#BrainFood brings you the best shows on TV and radio, science apps and books to activate your mind, and fun events to visit. This week – venom at the Natural History Museum, Alan Shearer on dementia, and why swearing is good for you.
BBC One, Sun 12 November, 10:30-11:30pm
Former England international Alan Shearer investigates the link between football and dementia. A worrying number of the England 1966 team suffer from dementia, and recent research has suggested a link between neurodegenerative brain disease and headers. A prolific header of the ball during his playing days, should Shearer be worried?
BBC Radio 4, weekday mornings, 5:58-6:00am
Wake up to birdsong and the dulcet tones of Dermot O'Leary as he takes over presenting duties on this week’s Tweet of the Day. He’ll be searching for sea eagles in the Highlands, watching coal tits in his garden, and admiring the understated beauty of the dunnock. And if you’re not an early bird, don’t worry – all episodes will be available online.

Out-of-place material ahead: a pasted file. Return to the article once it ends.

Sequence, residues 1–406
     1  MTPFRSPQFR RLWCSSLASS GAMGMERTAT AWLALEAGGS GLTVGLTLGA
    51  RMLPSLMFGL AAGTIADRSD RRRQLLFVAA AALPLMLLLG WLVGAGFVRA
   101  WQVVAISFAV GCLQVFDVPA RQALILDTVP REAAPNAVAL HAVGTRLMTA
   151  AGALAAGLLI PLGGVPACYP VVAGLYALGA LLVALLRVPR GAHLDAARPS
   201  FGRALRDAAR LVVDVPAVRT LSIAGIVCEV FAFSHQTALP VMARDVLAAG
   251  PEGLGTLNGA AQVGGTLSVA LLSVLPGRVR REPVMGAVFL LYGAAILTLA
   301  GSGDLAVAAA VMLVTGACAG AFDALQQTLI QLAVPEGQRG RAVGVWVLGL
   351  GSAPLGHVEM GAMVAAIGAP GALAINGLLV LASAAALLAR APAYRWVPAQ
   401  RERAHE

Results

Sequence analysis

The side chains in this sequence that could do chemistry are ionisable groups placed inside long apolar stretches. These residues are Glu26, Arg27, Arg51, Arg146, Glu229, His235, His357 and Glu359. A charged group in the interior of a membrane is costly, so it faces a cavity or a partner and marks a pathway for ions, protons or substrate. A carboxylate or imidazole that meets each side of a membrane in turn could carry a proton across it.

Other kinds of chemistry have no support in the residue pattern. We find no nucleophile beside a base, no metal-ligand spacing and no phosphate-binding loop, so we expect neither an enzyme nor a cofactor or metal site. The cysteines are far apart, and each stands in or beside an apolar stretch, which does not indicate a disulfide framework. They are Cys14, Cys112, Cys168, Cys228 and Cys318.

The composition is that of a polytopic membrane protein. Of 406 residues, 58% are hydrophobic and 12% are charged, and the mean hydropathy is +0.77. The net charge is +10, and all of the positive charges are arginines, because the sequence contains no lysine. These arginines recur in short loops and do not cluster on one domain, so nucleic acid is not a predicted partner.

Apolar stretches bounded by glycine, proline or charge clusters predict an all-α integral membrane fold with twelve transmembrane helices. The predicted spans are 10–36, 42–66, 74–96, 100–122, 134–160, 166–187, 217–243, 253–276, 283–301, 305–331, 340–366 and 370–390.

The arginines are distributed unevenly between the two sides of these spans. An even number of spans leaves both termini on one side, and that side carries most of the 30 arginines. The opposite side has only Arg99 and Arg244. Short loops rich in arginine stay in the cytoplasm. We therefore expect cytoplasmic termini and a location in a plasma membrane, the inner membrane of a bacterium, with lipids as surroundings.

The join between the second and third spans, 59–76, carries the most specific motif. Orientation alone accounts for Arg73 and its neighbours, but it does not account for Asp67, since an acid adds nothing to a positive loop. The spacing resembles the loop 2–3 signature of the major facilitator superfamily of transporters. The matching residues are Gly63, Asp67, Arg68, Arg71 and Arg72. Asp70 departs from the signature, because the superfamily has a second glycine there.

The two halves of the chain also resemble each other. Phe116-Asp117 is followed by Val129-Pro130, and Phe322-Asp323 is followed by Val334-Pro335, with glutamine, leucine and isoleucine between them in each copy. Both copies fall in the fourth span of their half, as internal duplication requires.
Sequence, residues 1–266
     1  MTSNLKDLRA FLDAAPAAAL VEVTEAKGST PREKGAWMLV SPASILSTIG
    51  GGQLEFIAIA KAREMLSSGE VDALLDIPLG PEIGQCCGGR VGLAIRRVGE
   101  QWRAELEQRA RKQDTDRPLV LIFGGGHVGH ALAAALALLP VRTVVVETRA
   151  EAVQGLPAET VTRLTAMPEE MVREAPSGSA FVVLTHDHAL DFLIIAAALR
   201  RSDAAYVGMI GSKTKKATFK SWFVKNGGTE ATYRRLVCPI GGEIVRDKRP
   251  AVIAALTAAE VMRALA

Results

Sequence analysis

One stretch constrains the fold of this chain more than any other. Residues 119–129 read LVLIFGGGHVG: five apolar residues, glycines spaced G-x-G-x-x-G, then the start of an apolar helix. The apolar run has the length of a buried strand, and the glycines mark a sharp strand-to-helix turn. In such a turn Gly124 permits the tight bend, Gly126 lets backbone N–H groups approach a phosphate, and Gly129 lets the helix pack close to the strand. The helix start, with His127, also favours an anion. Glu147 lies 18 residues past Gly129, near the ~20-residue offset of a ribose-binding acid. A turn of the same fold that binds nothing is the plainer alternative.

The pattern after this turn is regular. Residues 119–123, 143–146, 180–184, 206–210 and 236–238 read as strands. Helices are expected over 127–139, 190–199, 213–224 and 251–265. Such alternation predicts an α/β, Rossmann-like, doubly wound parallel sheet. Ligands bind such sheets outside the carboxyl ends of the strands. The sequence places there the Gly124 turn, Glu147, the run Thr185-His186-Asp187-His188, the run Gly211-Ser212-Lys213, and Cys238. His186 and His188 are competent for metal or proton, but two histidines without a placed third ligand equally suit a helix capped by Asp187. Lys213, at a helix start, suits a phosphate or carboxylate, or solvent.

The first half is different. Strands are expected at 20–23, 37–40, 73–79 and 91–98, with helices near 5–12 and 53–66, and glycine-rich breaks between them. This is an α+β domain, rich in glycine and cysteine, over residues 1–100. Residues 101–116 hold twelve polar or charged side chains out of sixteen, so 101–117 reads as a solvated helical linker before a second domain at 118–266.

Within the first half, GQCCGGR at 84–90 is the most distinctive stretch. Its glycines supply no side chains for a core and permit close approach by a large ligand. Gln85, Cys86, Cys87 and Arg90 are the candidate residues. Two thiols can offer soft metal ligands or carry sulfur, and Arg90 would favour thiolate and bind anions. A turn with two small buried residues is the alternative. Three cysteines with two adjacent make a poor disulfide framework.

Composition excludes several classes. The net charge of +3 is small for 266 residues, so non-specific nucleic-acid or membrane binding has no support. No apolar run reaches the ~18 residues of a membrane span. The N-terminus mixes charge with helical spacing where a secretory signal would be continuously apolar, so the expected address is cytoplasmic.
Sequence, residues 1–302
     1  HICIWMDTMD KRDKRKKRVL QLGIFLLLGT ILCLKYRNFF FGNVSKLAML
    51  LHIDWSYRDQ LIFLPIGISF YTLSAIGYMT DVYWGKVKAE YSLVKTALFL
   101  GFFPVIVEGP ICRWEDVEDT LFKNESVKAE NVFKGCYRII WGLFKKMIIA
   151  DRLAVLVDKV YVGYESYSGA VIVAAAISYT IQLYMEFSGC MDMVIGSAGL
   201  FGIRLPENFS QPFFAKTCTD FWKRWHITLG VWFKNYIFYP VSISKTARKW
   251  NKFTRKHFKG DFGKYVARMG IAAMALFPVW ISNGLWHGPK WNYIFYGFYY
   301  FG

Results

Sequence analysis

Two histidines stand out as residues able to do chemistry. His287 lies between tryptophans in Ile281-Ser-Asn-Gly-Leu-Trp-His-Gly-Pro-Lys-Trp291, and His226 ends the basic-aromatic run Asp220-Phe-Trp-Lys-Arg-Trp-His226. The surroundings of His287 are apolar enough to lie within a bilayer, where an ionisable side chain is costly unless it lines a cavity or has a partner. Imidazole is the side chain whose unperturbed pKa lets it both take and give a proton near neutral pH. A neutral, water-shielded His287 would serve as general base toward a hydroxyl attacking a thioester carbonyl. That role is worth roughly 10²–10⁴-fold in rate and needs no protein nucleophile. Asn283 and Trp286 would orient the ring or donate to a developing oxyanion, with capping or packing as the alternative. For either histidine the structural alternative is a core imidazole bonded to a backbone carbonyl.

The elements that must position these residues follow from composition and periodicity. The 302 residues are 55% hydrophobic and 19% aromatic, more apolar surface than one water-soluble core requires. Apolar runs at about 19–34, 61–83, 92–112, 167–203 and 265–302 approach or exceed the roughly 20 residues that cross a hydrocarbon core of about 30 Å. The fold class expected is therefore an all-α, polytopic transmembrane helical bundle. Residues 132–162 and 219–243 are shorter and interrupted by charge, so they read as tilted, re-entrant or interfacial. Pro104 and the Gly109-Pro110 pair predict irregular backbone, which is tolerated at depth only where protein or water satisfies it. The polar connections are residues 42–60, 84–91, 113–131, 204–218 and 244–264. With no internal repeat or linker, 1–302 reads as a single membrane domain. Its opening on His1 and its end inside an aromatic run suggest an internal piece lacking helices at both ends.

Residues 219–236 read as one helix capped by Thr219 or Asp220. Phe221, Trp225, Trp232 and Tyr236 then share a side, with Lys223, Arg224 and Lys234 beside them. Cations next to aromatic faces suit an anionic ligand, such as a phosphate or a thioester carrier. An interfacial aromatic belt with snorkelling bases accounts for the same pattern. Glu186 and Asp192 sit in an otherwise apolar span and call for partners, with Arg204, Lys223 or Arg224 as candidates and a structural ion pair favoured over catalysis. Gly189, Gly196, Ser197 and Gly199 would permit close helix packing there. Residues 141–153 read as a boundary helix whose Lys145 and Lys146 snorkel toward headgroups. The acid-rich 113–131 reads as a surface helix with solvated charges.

Emma Byrne, Profile Books, £12.99
Swearing is found in every language, but why do we do it? In her bloody fantastic new book, Emma Byrne explores the surprising ways in which a well-timed swear word can benefit us, from relieving pain to helping us bond, and reveals what cursing chimps can tell us about why swearing evolved in the first place.
Natural History Museum, London, until 13 May 2018, £10.50 / £6.50
The Natural History Museum's latest exhibition showcases both the life-destroying and life-giving properties of one of nature’s most extraordinary inventions. We’ll meet some of the world’s most venomous creatures, including the lethal stonefish (pictured) and the gaboon viper with its 5cm-long fangs, and we’ll hear about the latest uses of venom in medicine.
Now available on Android as well as iOS, this navigation app should put an end to confused countryside rambles. Making use of all your phone’s sensors, it’s a digital compass, GPS receiver, speedometer, altimeter, and much more besides. It uses augmented reality to overlay info and directions onto your phone’s camera, so you’ll really have no excuse for ending up down a dead end.